Warrior relief of Efrenk
The relief is about two kilometres north of Sömek in the Silifke district of Mersin Province, about 30 km northeast of the city of Silifke and 20 km north of Kızkalesi, the ancient Korykos. It is carved into a northwest-facing cliff-face beside a steep path leading down to the Lamos. A ford at this spot connected the ancient settlement of Efrenk on the hill south of the relief with Veyselli on the other side of the Lamos. The route continued on to the settlement at the mouth of the Lamos, Antiochia Lamotis (now Limonlu). After passing the relief, the route led south past Sömek towards Canbazlı and Olba, as well as Korykos and Elaiussa Sebaste on the Mediterranean coast. The river Lamos is often treated as the border between the ancient regions of Rough Cilicia (Kilikia Tracheia) in the west and Flat Cilicia (Kilikia Pedias) in the east.
The Athena relief of Sömek is roughly 600 m to the southeast.
The relief is carved into a vertical cliff-face about 5 m above street level. It is 1.9 m high and depicts a warrior, surrounded by a naiskos. The legs are badly damaged; the right leg supports his weight, while the left leg hangs free. His raised right arm holds up a spear. On his left side he wears a sword, with his left hand on the grip. He is dressed in a short, belted chiton, with clearly carved drapery. There are traces of white paint on the relief in several spaces - between the head and the right arm, for instance, there are traces of red paint. Paint very rarely survives on Cilician cliff reliefs.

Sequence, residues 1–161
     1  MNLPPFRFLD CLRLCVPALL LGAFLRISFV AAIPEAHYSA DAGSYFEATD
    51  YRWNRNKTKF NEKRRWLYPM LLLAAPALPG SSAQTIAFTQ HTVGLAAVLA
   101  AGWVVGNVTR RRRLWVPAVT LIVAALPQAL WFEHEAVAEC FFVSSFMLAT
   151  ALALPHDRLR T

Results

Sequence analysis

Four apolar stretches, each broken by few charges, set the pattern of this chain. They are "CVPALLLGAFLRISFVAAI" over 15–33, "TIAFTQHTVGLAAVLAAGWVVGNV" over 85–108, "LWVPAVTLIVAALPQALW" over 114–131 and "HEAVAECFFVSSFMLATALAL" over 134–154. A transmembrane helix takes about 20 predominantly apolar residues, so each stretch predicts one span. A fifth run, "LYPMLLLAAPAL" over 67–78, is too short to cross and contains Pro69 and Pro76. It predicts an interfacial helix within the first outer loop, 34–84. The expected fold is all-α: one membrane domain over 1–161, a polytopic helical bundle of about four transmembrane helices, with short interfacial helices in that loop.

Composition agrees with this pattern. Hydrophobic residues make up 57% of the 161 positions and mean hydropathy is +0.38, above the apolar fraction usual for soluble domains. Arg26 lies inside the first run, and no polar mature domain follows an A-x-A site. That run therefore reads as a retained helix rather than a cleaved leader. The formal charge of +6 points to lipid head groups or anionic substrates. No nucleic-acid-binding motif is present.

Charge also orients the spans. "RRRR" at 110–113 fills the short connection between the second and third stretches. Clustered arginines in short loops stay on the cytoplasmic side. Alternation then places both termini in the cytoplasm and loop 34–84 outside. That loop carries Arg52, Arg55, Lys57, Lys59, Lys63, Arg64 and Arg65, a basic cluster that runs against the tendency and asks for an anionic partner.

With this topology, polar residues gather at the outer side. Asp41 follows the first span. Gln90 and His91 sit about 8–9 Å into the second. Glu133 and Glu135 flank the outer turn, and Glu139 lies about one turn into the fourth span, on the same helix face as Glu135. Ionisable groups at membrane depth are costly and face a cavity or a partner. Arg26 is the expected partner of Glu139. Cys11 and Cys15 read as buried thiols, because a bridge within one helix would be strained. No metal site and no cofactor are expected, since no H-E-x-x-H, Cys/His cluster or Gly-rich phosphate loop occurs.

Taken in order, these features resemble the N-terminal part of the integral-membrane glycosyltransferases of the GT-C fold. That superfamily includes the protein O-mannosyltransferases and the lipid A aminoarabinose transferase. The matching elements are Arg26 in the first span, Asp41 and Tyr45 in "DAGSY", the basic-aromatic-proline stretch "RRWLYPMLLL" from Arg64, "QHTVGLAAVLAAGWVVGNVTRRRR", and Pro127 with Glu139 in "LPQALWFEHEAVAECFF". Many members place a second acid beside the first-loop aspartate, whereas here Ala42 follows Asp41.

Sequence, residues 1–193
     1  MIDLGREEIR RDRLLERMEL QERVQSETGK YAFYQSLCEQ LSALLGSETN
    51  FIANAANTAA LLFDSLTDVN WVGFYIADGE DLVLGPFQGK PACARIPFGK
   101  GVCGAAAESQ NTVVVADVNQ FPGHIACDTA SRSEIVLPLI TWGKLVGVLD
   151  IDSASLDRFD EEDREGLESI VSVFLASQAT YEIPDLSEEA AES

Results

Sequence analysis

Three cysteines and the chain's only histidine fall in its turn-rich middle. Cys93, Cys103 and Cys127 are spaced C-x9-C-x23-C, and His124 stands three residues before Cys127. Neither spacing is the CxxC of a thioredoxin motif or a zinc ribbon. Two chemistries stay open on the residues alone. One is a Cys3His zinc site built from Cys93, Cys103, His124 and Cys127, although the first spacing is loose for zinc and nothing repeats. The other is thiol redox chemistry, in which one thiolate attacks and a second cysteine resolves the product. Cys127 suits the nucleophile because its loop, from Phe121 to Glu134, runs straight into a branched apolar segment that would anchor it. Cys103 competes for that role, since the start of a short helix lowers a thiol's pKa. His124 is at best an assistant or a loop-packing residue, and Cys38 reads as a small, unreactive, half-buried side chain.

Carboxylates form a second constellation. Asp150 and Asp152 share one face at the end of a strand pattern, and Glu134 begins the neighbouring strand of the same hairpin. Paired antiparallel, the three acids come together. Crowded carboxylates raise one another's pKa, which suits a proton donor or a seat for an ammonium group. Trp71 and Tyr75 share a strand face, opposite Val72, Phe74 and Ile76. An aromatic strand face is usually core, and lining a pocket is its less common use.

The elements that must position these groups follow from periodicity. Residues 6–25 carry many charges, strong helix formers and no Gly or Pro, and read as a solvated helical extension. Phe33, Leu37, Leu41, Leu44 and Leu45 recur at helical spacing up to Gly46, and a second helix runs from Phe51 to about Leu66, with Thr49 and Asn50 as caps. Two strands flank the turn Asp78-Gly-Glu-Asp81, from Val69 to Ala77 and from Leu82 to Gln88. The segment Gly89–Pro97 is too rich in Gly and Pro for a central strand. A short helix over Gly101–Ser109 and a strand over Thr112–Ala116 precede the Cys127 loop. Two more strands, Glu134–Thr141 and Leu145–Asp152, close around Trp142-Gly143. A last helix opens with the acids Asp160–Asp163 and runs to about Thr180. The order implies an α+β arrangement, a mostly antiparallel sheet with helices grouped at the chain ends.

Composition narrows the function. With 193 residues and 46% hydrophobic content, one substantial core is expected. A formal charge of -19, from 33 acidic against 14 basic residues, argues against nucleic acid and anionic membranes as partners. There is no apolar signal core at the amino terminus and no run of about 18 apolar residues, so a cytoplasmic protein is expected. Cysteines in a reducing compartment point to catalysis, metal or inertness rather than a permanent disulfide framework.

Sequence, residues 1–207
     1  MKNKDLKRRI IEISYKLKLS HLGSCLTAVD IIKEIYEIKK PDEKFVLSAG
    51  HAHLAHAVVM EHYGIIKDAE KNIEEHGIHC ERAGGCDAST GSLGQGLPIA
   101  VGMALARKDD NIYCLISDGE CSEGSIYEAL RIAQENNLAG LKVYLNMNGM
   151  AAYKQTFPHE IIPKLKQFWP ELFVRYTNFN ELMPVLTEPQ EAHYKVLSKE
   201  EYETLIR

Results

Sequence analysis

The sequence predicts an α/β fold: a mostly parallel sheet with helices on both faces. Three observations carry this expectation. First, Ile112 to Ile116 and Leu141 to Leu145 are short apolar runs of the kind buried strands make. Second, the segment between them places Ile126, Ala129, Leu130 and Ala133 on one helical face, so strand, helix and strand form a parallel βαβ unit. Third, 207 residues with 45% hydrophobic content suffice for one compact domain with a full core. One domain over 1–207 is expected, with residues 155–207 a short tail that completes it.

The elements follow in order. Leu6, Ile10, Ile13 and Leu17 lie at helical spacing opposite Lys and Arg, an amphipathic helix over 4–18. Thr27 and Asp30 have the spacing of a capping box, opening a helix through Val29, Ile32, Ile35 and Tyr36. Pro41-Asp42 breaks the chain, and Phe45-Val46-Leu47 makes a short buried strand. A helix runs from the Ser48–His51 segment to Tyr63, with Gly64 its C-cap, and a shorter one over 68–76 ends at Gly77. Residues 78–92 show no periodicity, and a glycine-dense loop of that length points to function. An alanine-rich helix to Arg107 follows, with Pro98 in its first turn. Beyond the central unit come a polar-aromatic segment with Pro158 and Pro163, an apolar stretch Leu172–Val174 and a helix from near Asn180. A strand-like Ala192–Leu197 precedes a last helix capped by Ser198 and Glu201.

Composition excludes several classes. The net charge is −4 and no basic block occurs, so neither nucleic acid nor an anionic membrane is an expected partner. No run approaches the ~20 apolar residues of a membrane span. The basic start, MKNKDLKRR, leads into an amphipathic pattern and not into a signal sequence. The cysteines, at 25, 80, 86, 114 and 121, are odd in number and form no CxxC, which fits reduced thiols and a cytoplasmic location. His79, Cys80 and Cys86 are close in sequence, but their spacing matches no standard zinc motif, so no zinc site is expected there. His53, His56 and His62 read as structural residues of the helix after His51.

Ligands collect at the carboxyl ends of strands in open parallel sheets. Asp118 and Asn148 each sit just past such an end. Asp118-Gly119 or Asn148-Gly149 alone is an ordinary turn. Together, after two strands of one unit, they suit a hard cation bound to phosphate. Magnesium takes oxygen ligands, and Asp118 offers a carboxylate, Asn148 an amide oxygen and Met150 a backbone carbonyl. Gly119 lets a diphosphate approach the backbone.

On the left pilaster there is an inscription at about chest height, which has been resolved as an 8 line inscription:
῾Ός δ’ ἂν βά-
Josef Keil and Adolf Wilhelm report the illegible traces of an "actual funerary inscription in the background on the left and right sides of the figure's head." The letter forms date the inscription to the middle of the Imperial period, while similarities in posture and clothing led Serra Durugönül to date the relief to the second century AD when she studied the Cilician cliff reliefs in the 1980s.
The first short description (with an incomplete reading of the inscription) was published by Edward L. Hicks in 1891 in his Inscriptions from Western Cilicia. The ancient historians Keil and Wilhelm travelled Cilicia in 1891 and 1925, publishing an account in 1931, Denkmäler aus dem Rauhen Kilikien (Monuments of Rough Cilicia), in which the relief of Efrenk is described with a fuller reading of the inscription. In 1989 Serra Durugönül completed a dissertation, Die Felsreliefs im Rauhen Kilikien (The Cliff-reliefs of Rough Cilicia), which also discusses the warrior relief.
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- Edward L. Hicks. "Inscriptions from Western Cilicia." The Journal of Hellenic Studies 12, 1891, p. 260, no. 36.
- Josef Keil, Adolf Wilhelm. Denkmäler aus dem Rauhen Kilikien. (= Monumenta Asiae minoris antiqua Vol. 3). London 1931, p. 98 Inscr. 111.
- Serra Durugönül. Die Felsreliefs im Rauhen Kilikien. (= BAR International Series. 511). BAR, Oxford 1989, pp. 47–48, 103, 150 und passim.